Locked together 'in hell' (5.3.163), De Flores and Beatrice-Joanna are effectively commanded to 'rehearse again' (114) their 'part', their antimasque, 'where howls and gnashings shall be music to you' (117)--music as appropriate to their hell as the 'hollow and infernal music' of the witches' hell in Queens (25). It is to be a danse macabre, as Beatrice and the lord of misrule, De Flores, dance to their deaths. The next moments mimic what was called the 'transformation scene' of a court masque, always at a visually spectacular moment and accompanied by 'loud music'. Transformation or metamorphosis was the theme of all masques (trees are turned into knights, statues come to life, men transformed into flowers are returned to men, blackamoors become white-skinned, gypsies are metamorphosed into courtiers, and so on). It is the moment when antimasquers and masquers are briefly on stage at the same time. Likewise, in The Changeling the two plots here converge: Vermandero enters suddenly with five members of the asylum 'anti-plot' and announces: 'I have a wonder for you' (5.3.121). Alsemero counters: 'No, sir. 'Tis I, I have a wonder for you' (122). Wonder was an effect of tragedy in the period and the motive for learning, a philosophy espoused by Aristotle. (87) It was also crucial to the masque with its myths and miracles. The word 'wonder' occurs frequently at the moment of transformation. (88) This exchange between Vermandero and Alsemero arguably resembles a declamatory ayre--not quite a song, yet more than ordinary speech (89)--inasmuch as Alsemero's lines are a near refrain of the former's (note the repetition not only of 'wonder' but of 'suspicion', 'proof', 'disguised', 'deed', 'hear me', and 'servants', 123-131). The cries of the fatally wounded Beatrice-Joanna startle the stage audience, and Alsemero unlocks the closet. The revelation that follows is indeed one of wonder for Vermandero, who states, 'An host of enemies entered my citadel / Could not amaze like this' (5.3.147-8). His bewilderment measures his lack of earlier understanding, another theory found in Aristotelian texts; he suddenly realizes his patriarchal failure. Before she dies Beatrice confesses to her father and asks Alsemero's forgiveness, her words 'Tis time to die when 'tis a shame to live' (179) echoing Vindice's acceptance of fate after the apocalyptic masque. (90) As Gail Kern Paster suggests, Beatrice-Joanna's bloodletting image is purgative. (91) This imagery is also found in Barley-Breake: when Euphema's father dies of shock after learning of her pregnancy, she kills herself, opening her 'veines to let out wanton streames' (stanza 177). Thus in The Changeling, following the tradition of the court masque, the forces of disorder are dispelled.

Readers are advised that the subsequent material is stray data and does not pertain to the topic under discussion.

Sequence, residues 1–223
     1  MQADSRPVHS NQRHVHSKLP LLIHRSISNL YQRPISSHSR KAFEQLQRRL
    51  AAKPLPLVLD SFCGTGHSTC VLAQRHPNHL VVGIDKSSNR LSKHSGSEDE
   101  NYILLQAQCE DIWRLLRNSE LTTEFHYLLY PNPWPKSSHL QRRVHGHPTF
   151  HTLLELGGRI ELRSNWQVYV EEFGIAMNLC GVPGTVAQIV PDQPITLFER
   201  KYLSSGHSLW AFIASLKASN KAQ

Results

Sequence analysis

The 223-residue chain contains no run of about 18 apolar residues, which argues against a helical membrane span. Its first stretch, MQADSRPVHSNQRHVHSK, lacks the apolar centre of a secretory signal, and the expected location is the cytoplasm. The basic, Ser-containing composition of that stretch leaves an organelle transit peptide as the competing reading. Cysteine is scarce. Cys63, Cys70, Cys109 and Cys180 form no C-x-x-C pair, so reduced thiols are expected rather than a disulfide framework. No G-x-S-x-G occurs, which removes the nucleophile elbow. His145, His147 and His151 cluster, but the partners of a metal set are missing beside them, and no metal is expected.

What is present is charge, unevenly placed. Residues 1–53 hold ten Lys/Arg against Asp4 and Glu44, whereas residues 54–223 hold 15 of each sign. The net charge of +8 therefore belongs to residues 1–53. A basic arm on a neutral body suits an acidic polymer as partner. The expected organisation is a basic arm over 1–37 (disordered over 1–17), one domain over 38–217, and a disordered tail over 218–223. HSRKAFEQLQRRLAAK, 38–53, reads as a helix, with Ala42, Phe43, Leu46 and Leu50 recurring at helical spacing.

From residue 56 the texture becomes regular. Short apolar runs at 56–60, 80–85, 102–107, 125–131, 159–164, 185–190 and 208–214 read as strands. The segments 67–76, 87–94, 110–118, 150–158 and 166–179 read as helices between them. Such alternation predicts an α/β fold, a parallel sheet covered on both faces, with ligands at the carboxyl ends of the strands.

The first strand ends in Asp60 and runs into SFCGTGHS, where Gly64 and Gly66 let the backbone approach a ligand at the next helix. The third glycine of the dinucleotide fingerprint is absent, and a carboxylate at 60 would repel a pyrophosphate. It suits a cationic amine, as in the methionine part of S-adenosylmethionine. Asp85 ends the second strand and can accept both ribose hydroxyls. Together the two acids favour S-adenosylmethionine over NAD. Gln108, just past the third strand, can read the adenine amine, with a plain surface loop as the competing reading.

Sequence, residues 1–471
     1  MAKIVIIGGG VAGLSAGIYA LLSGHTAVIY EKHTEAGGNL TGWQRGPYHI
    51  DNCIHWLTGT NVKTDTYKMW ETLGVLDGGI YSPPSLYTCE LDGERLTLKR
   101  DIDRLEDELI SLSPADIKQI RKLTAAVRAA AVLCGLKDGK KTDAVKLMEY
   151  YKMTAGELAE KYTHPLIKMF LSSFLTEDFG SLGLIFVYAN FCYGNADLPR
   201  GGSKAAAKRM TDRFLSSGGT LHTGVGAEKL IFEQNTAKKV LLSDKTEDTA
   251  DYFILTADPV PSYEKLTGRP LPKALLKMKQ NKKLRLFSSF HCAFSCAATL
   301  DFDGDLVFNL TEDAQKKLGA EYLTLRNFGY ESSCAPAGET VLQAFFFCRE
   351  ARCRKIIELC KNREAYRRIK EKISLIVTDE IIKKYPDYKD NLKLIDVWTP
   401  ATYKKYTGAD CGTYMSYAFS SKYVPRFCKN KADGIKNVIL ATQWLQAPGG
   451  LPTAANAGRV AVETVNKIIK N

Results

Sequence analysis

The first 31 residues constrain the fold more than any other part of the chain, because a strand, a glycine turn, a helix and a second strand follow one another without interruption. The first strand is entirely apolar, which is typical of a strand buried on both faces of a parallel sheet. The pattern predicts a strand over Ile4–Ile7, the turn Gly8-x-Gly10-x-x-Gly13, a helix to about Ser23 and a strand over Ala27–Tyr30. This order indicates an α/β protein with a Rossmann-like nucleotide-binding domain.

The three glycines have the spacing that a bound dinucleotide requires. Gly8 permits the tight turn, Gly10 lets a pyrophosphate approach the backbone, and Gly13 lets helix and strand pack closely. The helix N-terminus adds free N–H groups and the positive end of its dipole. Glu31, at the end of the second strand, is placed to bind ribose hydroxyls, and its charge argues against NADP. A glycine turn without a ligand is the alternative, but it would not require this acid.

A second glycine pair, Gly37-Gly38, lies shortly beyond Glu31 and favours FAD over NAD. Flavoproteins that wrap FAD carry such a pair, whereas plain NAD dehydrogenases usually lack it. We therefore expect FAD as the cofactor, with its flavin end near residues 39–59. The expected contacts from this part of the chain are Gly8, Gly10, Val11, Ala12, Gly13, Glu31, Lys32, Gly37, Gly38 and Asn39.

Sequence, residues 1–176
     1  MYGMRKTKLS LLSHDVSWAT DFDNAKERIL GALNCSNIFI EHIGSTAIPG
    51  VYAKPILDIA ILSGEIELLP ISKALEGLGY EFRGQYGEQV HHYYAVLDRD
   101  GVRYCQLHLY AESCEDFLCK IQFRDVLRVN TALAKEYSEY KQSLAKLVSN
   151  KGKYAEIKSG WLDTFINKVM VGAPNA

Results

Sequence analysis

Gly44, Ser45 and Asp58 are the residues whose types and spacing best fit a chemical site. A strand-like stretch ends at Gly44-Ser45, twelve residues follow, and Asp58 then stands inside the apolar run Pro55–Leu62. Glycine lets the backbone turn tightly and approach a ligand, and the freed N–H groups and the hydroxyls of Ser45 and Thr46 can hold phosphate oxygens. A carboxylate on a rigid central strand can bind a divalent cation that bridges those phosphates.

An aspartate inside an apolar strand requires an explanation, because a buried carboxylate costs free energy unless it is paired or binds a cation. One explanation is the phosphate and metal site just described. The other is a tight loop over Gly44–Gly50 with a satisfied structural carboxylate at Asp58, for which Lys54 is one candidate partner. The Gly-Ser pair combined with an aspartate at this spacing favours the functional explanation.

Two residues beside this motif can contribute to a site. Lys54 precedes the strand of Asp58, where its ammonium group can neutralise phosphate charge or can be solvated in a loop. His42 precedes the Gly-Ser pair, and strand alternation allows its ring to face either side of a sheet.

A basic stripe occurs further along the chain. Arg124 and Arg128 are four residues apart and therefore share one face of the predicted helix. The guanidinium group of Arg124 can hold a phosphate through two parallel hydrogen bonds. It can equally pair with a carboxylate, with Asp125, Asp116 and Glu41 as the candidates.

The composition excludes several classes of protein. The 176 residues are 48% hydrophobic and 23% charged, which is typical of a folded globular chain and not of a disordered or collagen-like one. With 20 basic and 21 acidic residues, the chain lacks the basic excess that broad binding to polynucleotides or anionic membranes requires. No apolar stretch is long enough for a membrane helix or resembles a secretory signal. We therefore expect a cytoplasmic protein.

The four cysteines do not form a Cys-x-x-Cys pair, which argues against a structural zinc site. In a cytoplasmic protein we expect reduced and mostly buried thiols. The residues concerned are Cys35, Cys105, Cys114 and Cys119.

In what I term The Changeling's transformation scene, as in the court masque all undergo change, 'for it is the transformation of both masquer and spectator, of the whole court, that the masque as form undertakes'. (92) We have seen this in Revenger's Tragedy, Five Gallants, and Women Beware Women where the masques involved all the characters. De Flores and Beatrice-Joanna are transformed: 'Here's beauty changed / To ugly whoredom, here, servant obedience / To a master sin, imperious murder' (5.3.197-9); all the others are changelings too and admit their transformations, including Antonio, who is changed by Isabella's 'powerful beauties, / Whose magic had this force thus to transform me' (3.3.134-5) 'from a little ass as I was to a great fool as I am' (5.3.204-5). All these transformations are contrary, from good to bad; masque transformation was meant to be to 'an ideal, perfected state'. (93) The Changeling inverts the transformation scene of a court masque. Given the debates on the meaning of and precise identification of the 'changeling' and the number of claimants to change in this particular passage, it is surprising that the analogy to the metamorphosis that occurs in masques has not previously been considered, change and transformation being synonymous. (94)